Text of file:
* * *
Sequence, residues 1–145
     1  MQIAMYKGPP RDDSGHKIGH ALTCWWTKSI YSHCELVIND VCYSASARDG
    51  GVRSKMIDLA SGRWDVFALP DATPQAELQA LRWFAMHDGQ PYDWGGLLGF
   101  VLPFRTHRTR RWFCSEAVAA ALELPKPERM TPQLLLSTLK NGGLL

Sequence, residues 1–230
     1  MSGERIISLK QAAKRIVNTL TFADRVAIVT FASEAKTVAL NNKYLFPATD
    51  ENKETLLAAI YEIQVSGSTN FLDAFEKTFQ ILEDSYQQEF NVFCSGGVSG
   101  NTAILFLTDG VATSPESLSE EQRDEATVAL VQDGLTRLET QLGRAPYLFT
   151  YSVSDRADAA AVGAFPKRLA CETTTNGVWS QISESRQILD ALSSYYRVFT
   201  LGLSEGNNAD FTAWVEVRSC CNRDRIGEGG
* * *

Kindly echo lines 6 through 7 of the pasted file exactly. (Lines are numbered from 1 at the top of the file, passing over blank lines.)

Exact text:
     1  MSGERIISLK QAAKRIVNTL TFADRVAIVT FASEAKTVAL NNKYLFPATD
    51  ENKETLLAAI YEIQVSGSTN FLDAFEKTFQ ILEDSYQQEF NVFCSGGVSG